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Original content from the New York Times.

'West Wing' Writers' Novel Way of Picking the President    
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By Jacques Steinberg
Published: April 10, 2006

Like many political campaigns, the presidential election depicted last night on "The West Wing" on NBC would have had a different ending had it been held four months ago.

Paul Drinkwater/NBC

John Spencer, who played Leo McGarry, died in December.

But the reversal of fortune for Matt Santos — the Democratic nominee, played by Jimmy Smits, who was the victor — had nothing to do with any shift in opinion among voters.

Instead, Lawrence O'Donnell, an executive producer of the show, said he and his fellow writers had declared Santos the winner only after the death, in mid-December, of John Spencer, who portrayed Santos's running mate, Leo McGarry. At the time of Mr. Spencer's death, the plot for last night's episode had been set: the election was to be won by Alan Alda's Arnold Vinick, a maverick Republican (modeled a bit on Senator John McCain), whom many Democrats (including the Democrats who write the show) could learn to love.

But after Mr. Spencer died, Mr. O'Donnell said in a recent interview, he and his colleagues began to confront a creative dilemma: would viewers be saddened to see Mr. Smits's character lose both his running mate and the election? The writers decided that such an outcome would prove too lopsided, in terms of taxing viewers' emotions, so a script with the new, bittersweet ending — including the election-night death of Mr. Spencer's character — was undertaken by John Wells, executive producer of "The West Wing" and "E.R."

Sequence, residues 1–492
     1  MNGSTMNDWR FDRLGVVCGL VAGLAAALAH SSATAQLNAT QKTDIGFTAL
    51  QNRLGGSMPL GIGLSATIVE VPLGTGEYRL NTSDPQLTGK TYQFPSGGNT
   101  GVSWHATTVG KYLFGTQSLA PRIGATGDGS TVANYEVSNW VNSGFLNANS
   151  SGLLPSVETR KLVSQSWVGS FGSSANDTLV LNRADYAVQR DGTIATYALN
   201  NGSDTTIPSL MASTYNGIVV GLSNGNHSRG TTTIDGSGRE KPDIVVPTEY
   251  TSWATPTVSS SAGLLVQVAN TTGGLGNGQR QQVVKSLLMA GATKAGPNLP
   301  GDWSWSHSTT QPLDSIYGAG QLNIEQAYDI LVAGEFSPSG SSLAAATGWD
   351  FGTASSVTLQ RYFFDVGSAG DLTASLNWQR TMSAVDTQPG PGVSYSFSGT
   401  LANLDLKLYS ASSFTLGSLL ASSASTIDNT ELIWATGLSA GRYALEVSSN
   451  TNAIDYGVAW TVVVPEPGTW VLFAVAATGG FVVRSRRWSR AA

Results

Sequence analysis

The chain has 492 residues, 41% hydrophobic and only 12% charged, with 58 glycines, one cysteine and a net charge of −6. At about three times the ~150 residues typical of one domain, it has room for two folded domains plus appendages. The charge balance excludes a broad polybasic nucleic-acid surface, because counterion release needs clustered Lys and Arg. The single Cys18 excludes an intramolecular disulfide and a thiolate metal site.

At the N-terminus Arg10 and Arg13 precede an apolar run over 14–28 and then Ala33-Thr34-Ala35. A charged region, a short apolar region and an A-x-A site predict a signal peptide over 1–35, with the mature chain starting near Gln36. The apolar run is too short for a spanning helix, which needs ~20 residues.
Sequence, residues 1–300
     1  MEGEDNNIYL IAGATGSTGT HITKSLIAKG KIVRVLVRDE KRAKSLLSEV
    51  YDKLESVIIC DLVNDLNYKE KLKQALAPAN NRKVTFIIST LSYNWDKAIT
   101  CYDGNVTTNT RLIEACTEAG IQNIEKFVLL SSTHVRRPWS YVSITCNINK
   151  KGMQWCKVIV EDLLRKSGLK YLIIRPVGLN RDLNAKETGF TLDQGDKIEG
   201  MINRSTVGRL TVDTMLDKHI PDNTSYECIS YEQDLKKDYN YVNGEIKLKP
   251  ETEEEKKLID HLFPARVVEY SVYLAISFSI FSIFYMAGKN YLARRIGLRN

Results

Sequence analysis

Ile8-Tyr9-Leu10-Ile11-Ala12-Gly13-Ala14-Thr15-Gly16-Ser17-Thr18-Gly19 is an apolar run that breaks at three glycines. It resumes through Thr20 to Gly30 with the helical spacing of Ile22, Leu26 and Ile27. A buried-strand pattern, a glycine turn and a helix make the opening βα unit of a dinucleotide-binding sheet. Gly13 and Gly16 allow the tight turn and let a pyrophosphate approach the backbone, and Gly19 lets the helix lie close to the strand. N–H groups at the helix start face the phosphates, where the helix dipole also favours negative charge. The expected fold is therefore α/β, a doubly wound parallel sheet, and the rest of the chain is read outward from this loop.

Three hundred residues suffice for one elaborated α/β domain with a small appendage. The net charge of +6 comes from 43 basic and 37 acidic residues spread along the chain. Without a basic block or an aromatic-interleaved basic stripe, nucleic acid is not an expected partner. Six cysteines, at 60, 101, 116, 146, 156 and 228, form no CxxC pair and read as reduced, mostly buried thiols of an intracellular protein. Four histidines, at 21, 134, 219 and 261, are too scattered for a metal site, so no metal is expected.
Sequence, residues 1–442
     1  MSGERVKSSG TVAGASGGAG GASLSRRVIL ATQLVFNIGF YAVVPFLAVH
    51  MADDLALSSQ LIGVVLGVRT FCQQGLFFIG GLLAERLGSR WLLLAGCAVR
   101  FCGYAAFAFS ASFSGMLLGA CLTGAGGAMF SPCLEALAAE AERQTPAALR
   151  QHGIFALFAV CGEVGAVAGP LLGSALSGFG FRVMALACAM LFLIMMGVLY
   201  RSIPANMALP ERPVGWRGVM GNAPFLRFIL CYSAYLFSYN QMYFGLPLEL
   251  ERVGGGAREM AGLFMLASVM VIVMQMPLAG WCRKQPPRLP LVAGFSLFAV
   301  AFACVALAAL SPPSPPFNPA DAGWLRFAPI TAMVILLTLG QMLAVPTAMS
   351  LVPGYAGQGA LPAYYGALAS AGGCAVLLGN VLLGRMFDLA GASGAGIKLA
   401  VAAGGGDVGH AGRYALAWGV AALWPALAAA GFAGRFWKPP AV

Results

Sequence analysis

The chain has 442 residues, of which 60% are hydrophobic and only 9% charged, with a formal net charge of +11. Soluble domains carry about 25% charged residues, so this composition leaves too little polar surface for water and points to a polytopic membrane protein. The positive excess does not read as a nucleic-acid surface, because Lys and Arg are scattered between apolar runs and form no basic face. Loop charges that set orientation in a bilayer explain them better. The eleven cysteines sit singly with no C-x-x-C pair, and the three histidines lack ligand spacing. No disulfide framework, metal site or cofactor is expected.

The loss of Mr. Spencer, who had been on "The West Wing" since its inception seven years ago, imposed a layer of grief on the sadness and nostalgia the cast would feel in the weeks leading to the final day of production. NBC announced in January that primarily because of falling ratings, it was not renewing the series for next season.

The final episode of "The West Wing" is not be broadcast until May 14, but the show effectively ended for Martin Sheen, who plays President Bartlet, and for his fellow cast members on March 31, when they filmed their last scene together. Appropriately, it shows the president striding around the White House for final goodbyes to the applause of his staff members, in a scene filmed on the Warner Brothers lot in Burbank, Calif.

An impromptu cast party followed shortly thereafter in and around the trailer of Allison Janney, who plays Bartlet's chief of staff, C. J. Cregg, said Bradley Whitford, who portrays Josh Lyman, most recently manager of the Santos campaign.

"This show is probably the first line in my obituary," Mr. Whitford said. "Everyone knows they got lucky with this one."

For a series that sought to provide a backstage glimpse of White House politics, however stylized and idealized, it seems appropriate to assess its legacy, political and otherwise, as its conclusion nears.

On that score, Mr. Sheen was offered an opportunity to see how his character's appeal would play in a real-life campaign. Not long ago, he said, he was approached by Democratic Party representatives from his native state, Ohio, to see if he would be interested in running for the United States Senate after he left the show. Though he would have had little trouble drafting a campaign platform — he is a fierce opponent of nuclear power and the war in Iraq, and a champion of human rights — he turned them down.

"I'm just not qualified," he said. "You're mistaking celebrity for credibility."